As borrower delinquencies rose, TransUnion LLC's Credit Risk Index increased 2.3%, to 123.36 in the fourth quarter from the previous quarter.
This was the first increase in the measure since the fourth quarter of 2009 when it peaked, the Chicago company said Tuesday. Despite this uptick, the CRI was down 1.7% year over year.
The CRI measures the risk inherent in the U.S. credit-using population. A higher number means a higher level of credit risk.
Slight rises in delinquency rates in the fourth quarter on credit cards and mortgages contributed to the index's increase, said Charlie Wise, director of research and consulting at TransUnion, in a press release. The increase in the percentage of non-prime consumers with an active bank card may have also contributed.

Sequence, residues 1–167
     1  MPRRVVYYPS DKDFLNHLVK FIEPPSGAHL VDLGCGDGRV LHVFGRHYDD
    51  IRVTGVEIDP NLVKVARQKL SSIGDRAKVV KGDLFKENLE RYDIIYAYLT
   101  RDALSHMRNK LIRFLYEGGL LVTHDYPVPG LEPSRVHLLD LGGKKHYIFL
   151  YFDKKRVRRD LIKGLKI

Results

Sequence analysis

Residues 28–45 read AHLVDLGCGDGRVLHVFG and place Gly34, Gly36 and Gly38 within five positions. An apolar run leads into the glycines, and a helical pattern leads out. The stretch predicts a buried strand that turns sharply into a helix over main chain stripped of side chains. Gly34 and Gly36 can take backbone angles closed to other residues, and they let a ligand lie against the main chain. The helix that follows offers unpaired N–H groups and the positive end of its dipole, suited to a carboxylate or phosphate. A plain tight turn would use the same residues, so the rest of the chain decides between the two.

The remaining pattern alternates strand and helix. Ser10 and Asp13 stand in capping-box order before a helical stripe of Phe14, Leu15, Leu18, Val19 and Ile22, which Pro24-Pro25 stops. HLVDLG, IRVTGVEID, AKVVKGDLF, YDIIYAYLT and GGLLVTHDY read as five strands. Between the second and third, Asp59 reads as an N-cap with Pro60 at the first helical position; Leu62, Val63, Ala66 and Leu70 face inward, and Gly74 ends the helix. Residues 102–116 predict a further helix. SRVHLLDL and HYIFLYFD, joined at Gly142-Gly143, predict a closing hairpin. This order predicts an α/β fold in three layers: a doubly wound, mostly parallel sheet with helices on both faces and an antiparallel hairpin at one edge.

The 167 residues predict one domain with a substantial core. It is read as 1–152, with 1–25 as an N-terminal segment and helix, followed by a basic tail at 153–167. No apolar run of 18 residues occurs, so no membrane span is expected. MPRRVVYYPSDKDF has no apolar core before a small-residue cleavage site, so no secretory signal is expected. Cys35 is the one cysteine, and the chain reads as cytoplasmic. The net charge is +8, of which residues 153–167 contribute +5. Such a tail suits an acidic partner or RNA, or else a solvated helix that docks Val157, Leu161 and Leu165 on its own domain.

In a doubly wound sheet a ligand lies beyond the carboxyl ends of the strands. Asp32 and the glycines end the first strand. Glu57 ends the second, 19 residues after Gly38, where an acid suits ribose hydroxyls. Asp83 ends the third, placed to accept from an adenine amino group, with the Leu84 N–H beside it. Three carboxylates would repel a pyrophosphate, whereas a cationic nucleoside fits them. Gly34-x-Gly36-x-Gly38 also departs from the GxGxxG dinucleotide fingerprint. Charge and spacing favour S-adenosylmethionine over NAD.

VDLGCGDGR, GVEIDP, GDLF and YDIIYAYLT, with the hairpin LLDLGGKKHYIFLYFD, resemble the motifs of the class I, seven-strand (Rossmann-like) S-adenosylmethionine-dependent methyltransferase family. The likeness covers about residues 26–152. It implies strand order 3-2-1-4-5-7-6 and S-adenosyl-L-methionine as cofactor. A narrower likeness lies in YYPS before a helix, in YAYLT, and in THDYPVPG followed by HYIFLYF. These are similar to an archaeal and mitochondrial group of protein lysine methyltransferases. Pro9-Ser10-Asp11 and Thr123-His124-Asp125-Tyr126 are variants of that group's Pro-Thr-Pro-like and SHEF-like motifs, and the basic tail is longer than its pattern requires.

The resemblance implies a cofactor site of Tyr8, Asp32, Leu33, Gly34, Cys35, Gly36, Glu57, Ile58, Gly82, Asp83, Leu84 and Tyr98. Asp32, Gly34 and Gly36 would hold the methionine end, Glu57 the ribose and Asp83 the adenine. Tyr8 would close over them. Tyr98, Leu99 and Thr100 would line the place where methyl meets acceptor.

"As lenders make credit more widely available at the riskier end of the credit spectrum, it is inevitable that the risk of default will increase for the population on average," Wise said in the release.
Increases are generally expected during the last three months of the year due to holiday shopping, TransUnion said.
South Carolina had the highest CRI at 156.13, followed by Nevada at 155.95 and Mississippi at 155.48. North Dakota had the lowest CRI at 77.37.